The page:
Team Trump rewrites a Department of Energy website for kids


Don't turn back the clock on Florida colleges

Florida's state colleges -- once known as community colleges -- are the primary access point to higher education for many high school graduates. But an effort championed by Senate leaders would hinder state colleges' ability to add programs and respond to workforce demands. After opening up the possibilities for colleges, turning the clock back to limit them would be a mistake. In 2008, the Legislature authorized community colleges to offer four-year degrees in fields where demand is high for professionals, such as nursing and teaching. The institutions were renamed "state colleges," and they followed St. Petersburg College's lead in offering baccalaureate degrees. The system has built-in checks, including restrictions such as limiting four-year degrees to fields that lead directly to jobs rather than liberal arts degrees in areas such as history or English. Neighboring universities and private colleges could weigh in on proposals and object if the community colleges were trying to start duplicative programs. In Pinellas County, the relationship between SPC and USF St. Petersburg works well. SPC president Bill Law calls it "the best public policy I've ever been associated with." USF St. Petersburg chancellor Sophia Wisniewska calls SPC "a longstanding and a valuable partner." That is why some aspects of the Senate's College Competitiveness Act, SB 374, seem like solutions in search of problems. The bill would extend the notice period from 100 days to a year that state colleges must provide for proposing new four-year programs and eliminate the requirement for a university to suggest alternatives if it objects to the college's plan. It would establish a new governing board to oversee state colleges. And in the name of avoiding "wasteful duplication" of degree programs, it would cap state college enrollment in four-year programs at 8 percent of the student body. But wasteful duplication is difficult to find, especially with enrollment in state college bachelor's programs up 102 percent since 2011. With demand so high, why limit them? Senate leaders cite "mission creep" as a concern, arguing state colleges may be losing sight of their primary role -- to provide access to higher education and workforce readiness -- while intruding on the purpose of universities. But state colleges, 28 of them, serve many parts of the state with no nearby university -- Marianna, Daytona Beach, Fort Pierce. Their students are older, on average, than university undergrads and many are mid-career, seeking a degree that will help them earn advancement. Often balancing work and family, many are not enrolled full time. That's a very different profile from the fresh high school graduate heading off to Tallahassee ready to assume a full course load.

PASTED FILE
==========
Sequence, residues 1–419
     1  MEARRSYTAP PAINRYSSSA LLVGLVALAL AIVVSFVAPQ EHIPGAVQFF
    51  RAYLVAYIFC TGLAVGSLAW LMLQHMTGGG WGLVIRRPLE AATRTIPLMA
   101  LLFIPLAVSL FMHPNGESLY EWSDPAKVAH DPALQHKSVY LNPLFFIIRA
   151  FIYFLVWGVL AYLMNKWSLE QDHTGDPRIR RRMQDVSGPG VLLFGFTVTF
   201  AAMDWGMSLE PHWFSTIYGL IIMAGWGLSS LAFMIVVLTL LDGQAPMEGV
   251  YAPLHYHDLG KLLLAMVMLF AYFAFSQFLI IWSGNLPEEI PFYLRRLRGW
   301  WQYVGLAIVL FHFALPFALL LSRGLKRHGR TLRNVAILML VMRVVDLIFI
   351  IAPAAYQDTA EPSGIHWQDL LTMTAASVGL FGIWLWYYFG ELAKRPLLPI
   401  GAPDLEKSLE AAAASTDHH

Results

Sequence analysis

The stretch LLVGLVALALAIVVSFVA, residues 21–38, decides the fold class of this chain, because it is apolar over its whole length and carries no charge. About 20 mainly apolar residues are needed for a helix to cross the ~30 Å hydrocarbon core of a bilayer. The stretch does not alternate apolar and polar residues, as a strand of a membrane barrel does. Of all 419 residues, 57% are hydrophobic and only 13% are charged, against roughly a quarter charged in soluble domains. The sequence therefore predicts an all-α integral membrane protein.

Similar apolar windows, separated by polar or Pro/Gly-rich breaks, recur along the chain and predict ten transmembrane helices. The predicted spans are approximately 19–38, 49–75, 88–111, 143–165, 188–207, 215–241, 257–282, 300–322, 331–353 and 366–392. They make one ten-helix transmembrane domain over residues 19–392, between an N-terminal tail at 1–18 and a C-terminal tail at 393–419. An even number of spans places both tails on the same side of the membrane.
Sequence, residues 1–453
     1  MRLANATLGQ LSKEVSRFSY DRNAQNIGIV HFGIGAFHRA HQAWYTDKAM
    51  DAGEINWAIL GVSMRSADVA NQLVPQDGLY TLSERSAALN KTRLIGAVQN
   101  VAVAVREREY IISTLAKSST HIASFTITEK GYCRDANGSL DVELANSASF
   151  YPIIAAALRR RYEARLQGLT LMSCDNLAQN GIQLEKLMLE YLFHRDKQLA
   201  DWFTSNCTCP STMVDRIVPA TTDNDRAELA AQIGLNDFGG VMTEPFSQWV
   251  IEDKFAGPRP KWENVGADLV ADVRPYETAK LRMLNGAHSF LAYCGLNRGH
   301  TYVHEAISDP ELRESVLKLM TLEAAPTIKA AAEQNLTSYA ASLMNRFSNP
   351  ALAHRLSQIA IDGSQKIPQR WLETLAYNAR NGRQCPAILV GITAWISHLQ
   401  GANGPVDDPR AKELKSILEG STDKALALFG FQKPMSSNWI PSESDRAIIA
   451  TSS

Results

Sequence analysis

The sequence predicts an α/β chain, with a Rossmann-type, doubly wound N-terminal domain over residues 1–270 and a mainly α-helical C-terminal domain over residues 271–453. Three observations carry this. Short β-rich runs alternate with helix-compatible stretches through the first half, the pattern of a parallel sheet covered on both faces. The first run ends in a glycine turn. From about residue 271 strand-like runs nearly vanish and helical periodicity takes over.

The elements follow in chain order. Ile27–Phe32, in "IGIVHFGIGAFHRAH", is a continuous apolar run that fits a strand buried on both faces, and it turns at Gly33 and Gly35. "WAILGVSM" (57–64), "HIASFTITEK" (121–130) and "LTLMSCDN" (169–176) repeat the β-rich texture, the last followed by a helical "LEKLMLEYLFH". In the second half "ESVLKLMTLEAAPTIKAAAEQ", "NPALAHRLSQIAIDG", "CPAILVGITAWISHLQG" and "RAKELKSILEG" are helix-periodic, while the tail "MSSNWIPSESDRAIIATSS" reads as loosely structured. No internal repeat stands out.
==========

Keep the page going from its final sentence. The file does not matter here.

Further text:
The bill does not make sense cost-wise, either. A state college degree is considerably cheaper than a university degree. But by limiting the availability of programs at state colleges, students would be forced to pay more and assume more debt. Senate leaders have big plans for higher education in the legislative session that begins next month. They've offered smart ideas to expand financial aid and help students graduate faster and save money, backed by a promised $1 billion investment over two years. But revamping Florida's state college system is an unnecessary part of the plan. These institutions are serving a specific student population, turning out career-ready graduates and doing it for a bargain. Imposing new, arbitrary barriers on their growth would be a regrettable reversal that would hamper access and affordability for students.


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Scott paints fellow Republicans as job-killers for votes


The fight over Enterprise Florida is a power play -- and millions are at stake


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Ex-Enterprise Florida head says House GOP video misleading


Local officials caught in the middle as governor, House debate incentives


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Harrison stuck between Tallahassee powers


“High crime” tax breaks used by Universal could be eliminated


Bogus “meetings” bill deserves quick death


House speaker sues Florida Lottery over contract


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Drop bill to intimidate, shutter safe, law-abiding abortion providers


Court right to keep abortion waiting period on hold


House Republicans writing health care plan ahead of any federal changes